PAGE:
Saturday, May 1, 2010

You knew it had to happen

Anti-evolutionists, whether they are Creationist or Intelligent Design supporters -- which pretty much are the same thing as far as I am concerned -- just on a different time continuum -- are nothing if not flexible. They also are always looking for ways around all any criticism of their unsupported positions.

I don't know if you remember, but 5 or 6 years ago the Discovery Institute (DI) opened their own lab, Biologic. The stated purpose of this 'lab' was to find the experimental evidence that will vindicate all of their claims about Intelligent Design. I have mentioned them before. While the DI is funding it, they tend to try and convince folks that Biologic is an independent agency . . . but that's all marketing.

Well like I said Biologic was designed to do the lab work that have been a constant criticism about how all they do is popular press and marketing and never any real science. This was one of the specified steps in the Wedge Strategy. In fact in the 1999 version of the Wedge document it mentioned Dr. Douglas Axe, who later became the director of Biologic. It should also be noted that as late as 2002 Phillip E. Johnson noted that there was no 'Theory of Intelligent Design'. His complaint was that their pet scientists hadn't delivered on their ideas of a viable scientific and testable theory,

OK, so to summarize we have a marketing group, the DI, who keeps firing blanks and opens their own lab which fails to deliver the goods. OK, time to change tactics, right? I mean the whole marketing scheme was constantly changing with each failure. So what's the single most constant criticism? It's the lack of peer-reviewed research papers.

So they should really buckle down and do the work . . .Oh wait, they tried that. It failed. So since they haven't been able to do the work and published the papers in real-live science journals, what is the obvious step for the DI? Well most organizations would consider walking away, but they apparently still have someone else's money to burn, so what do they do?

They create their own journal. This is a step very consistent with their history. I mean they opened their own publishing group (Discovery Institute Press) to get some of their crap in print. Why not create their own journal, and pretend it is going to be peer- reviewed. Here is their press release. Like I said, this isn't a surprise, since it also isn't the first time they have tried this one. Anyone else remember the defunct 'International Society for Complexity, Information, and Design'?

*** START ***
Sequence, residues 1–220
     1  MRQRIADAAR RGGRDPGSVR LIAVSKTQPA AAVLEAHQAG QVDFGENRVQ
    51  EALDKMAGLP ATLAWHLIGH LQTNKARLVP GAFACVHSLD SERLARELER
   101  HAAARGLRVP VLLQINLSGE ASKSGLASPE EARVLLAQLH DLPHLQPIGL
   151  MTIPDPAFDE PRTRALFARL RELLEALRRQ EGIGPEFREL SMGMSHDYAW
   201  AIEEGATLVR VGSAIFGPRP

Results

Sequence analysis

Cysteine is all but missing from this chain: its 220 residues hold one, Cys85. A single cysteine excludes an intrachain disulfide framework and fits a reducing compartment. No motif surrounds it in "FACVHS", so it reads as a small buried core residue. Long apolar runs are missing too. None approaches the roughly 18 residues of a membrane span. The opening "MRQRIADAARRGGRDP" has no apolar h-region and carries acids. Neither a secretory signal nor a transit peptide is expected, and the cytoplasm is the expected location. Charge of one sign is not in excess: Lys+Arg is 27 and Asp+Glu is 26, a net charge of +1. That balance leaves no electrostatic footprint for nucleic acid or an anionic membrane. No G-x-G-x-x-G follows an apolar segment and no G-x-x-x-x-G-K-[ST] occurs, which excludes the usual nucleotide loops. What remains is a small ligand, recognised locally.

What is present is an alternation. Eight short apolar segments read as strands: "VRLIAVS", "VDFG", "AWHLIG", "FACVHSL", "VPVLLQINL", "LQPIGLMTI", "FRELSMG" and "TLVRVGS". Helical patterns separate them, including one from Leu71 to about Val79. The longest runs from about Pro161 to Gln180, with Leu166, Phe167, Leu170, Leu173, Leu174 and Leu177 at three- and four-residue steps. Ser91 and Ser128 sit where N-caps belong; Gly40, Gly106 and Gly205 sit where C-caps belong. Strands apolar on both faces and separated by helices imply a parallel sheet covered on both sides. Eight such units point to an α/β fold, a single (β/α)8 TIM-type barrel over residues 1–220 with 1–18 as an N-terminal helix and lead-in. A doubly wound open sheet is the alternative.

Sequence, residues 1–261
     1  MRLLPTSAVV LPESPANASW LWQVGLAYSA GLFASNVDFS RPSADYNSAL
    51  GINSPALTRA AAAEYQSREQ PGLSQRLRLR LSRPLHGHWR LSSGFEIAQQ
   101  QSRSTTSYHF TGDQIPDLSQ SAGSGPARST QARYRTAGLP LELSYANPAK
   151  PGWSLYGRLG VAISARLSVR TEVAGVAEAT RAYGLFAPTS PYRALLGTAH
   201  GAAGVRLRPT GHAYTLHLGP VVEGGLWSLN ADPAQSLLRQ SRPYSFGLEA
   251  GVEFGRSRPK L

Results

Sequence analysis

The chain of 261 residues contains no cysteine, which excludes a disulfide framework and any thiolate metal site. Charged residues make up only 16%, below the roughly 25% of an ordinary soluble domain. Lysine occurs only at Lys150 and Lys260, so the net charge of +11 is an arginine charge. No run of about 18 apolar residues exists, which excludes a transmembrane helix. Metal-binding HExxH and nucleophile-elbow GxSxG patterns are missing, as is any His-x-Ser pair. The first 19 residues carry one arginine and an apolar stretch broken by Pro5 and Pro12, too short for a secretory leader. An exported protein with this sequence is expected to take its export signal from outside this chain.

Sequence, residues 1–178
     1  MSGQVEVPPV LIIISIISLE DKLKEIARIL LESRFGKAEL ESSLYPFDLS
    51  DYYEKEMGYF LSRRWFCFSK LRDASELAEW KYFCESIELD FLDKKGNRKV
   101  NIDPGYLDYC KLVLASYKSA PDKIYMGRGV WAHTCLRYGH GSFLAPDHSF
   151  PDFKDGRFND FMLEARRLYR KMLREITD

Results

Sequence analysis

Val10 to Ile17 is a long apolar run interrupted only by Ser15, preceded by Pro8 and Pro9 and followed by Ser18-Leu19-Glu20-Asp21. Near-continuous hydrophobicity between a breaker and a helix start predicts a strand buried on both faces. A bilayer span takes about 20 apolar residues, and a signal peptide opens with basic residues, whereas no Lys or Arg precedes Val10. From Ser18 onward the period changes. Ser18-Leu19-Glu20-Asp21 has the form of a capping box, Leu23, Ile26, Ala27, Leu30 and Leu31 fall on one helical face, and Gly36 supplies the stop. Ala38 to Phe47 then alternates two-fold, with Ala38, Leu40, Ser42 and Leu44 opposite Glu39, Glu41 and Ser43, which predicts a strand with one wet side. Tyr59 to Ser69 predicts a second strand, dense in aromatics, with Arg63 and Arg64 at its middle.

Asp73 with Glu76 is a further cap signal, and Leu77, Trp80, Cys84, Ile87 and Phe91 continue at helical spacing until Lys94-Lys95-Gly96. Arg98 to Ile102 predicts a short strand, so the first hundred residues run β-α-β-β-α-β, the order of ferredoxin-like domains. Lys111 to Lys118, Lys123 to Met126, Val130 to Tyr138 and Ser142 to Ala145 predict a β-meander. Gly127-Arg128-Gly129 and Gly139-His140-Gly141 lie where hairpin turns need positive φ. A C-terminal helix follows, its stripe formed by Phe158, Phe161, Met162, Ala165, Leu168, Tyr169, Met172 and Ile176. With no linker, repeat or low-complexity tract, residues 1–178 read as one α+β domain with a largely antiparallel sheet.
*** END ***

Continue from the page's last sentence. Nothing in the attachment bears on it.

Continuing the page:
OK, what we need to do is take a look at who they claim are the 'peers'. Here is a link to their editorial page . . . See what I mean? Lots of familiar names. One hilarious note, look at the ISCID fellows list. See any familiar names?

I think someone forgot one of the things that makes Peer-Review work well. It's not a peer when it's a close colleague who already supports your position. It should be someone independent who has the same or higher degree of experience in the same area of expertise. But that would mean opening themselves up to . . . dare I say it . . . more criticism. Gee, how could that be possible?

Look, You know I don't trust anything the DI does. So don't take my word, go do the digging for yourself. I think you will end up right where I usually do and learning a new reason why the DI cannot and should not be trusted.


  1. I've read the first BIO-Complexity research paper, by Gauger et al. IMO it's a joke. Nowhere is ID mentioned either by name or by concept. Rather, it's a test of a subset of natural hypotheses, and not a particularly interesting set at that.

    I see that the DI is playing up the Sternberg/Meyer publication angle on this. IOW "we have to publish our own journal, because we know what happens to our boys; look at what happened when Sternberg OK'd the Meyer paper in 2004." But nowhere do Sternberg or Meyer address, or apparently even acknowledge, the substantive criticism of that paper; some of that criticism, along with related material and comments, can be found linked at the "Meyer 2004 Medley" over at the Panda's Thumb.

    Somewhere, these guys will have to do more than just complain, whenever they take some lumps. When faced with substantive criticism, real scientists buckle down and get to work. I don't see that happening with the ID proponents; at this rate, we never will.

    BIO-Complexity will fade within five years, tops.

  2. Rubble, Have you tried to read Stephen C. Meyer latest? He also re-spins the Sternberg peer review controversy, of which he was a major player. It's pretty funny how Sternberg is the victim now. I guess he plays that role better than he played at being an editor.